China claims that a group of more than 100 ethnic Uighur refugees who were recently repatriated back to the country from Thailand planned "to join jihad" in the Middle East, and did not flee because of political, social, and economic repression as they have asserted.
Human rights groups and Turkish officials have denounced Thailand's repatriation last week of 109 Uighurs, a Turkic-speaking minority Muslim population that is concentrated primarily in China's fractious western region of Xinjiang. Hundreds have died amid escalating ethnic violence in the last two years, with China repeatedly blaming "terrorism" and "religious extremism" for continued unrest in the region.
On Chinese state media late Saturday, officials called the refugees "illegal immigrants" who had sought to join militants in Turkey, Syria, or Iraq. At least 13 had been involved in some terrorist-related activities, and two had escaped detention, the Ministry of Public Security said, according to Xinhua News Agency.
The Uighurs were allegedly radicalized by documents sent to them by the exiled World Uyghur Congress, a German-based Uighur rights organization, and the East Turkestan Islamic Movement, which China has deemed as a terrorist group, the report said.
Officials also said Turkish diplomats were working with several gangs involved in the "illegal" trafficking, recruitment, and radicalization of people through various Southeast Asian countries.
Chinese state media showed the deportees on an aircraft with black hoods over their heads.
Turkey, which has cultural and linguistic ties to the Uighur minority, condemned the decision to return the Uighurs to China from Thailand, where they had been seeking asylum for more than a year.
The Uighurs were part of a larger group who had declared they were all Turkish. Thai officials determined that 181 were Turkish and sent them to Turkey this month, but said 109 were Chinese and should be returned to that country, despite protests from the United Nations refugee group, which said that the move violated international humanitarian law. At least 52 Uighurs remain in Thailand, but will be sent elsewhere once their nationalities have been determined, Thai officials said.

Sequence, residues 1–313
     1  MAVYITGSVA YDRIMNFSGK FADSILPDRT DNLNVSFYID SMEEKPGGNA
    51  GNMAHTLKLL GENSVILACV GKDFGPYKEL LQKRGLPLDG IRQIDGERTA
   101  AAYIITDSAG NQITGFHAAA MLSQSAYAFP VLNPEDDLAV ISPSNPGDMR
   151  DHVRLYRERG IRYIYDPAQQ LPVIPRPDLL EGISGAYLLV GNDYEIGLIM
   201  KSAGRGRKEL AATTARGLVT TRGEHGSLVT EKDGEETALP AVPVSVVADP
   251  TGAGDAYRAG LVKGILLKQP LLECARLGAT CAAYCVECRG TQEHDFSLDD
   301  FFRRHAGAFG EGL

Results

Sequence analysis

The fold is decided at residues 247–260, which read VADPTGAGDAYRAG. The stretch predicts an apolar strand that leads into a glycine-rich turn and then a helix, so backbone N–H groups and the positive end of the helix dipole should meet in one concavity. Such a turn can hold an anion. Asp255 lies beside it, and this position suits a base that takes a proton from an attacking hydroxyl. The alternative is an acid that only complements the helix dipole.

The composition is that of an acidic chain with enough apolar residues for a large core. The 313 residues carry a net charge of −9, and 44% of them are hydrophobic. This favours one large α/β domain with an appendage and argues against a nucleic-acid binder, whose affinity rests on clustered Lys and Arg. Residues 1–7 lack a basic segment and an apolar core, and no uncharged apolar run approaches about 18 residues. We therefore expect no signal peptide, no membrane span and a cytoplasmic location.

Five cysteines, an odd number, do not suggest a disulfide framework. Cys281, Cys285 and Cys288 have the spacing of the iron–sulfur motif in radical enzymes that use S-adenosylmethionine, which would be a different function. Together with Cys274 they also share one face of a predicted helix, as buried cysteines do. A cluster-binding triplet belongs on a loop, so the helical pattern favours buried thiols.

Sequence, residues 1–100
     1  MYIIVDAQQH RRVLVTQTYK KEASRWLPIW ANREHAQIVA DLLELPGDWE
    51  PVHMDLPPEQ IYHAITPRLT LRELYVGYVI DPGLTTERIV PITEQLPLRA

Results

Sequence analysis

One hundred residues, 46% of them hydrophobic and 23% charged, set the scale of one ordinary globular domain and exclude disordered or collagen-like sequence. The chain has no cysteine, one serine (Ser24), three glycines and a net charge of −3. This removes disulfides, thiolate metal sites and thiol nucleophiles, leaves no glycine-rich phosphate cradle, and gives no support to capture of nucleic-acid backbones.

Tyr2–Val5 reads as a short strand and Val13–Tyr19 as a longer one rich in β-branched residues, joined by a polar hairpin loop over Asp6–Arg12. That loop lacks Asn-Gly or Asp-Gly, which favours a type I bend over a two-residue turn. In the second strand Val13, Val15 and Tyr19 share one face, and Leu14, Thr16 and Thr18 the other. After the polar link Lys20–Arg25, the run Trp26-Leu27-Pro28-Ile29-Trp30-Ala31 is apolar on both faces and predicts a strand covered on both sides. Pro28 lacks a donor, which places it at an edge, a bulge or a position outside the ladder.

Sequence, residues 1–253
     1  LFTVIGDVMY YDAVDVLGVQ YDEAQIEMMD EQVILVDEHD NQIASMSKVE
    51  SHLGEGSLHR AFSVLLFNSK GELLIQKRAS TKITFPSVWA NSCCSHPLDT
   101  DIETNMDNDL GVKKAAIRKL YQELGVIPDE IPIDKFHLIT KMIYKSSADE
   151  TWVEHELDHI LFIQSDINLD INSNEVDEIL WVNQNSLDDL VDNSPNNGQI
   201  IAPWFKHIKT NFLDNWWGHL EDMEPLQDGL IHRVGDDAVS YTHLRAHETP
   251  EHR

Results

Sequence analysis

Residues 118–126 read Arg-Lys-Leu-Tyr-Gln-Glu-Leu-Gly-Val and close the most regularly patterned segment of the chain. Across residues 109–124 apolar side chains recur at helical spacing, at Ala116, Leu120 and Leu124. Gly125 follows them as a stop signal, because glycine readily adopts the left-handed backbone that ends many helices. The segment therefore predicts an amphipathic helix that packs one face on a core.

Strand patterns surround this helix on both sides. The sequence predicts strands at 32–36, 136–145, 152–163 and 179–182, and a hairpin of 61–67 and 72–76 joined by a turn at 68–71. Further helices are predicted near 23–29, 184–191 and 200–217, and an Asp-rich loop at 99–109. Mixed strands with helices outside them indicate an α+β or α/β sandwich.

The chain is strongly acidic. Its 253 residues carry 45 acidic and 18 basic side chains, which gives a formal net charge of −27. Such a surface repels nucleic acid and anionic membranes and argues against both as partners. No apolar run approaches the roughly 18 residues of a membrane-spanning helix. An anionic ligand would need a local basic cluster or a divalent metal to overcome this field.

Last week, a video emerged of a group of mostly Uighur protesters storming the Thai embassy in Istanbul, where they smashed up furniture, threw files into the courtyard, and brought down the Thai flag.
Protests in Turkey have broken out before over the alleged mistreatment of the Uighur community in China. This month, protesters in Turkey burned Chinese flags and attacked a group of Koreans they mistook for Chinese after unconfirmed reports emerged that officials in China were banning Uighurs from fasting during the Muslim holy month of Ramadan. China subsequently issued a travel warning against its citizens visiting Turkey.
This week, Xinhua tweeted out pictures that purportedly showed Uighurs in China observing Ramadan. Chinese state media also published a report today saying "It is not true that China has banned local Muslims in Xinjiang to observe the holy month of Ramadan."
Thailand's leader defended its decision to repatriate the Uighurs.
"If we don't do it this way, then how would we do it?" Thai Prime Minister Prayuth Chan-ocha said. "Do you want us to keep them for ages until they have children for three generations?"
The Associated Press contributed to this report.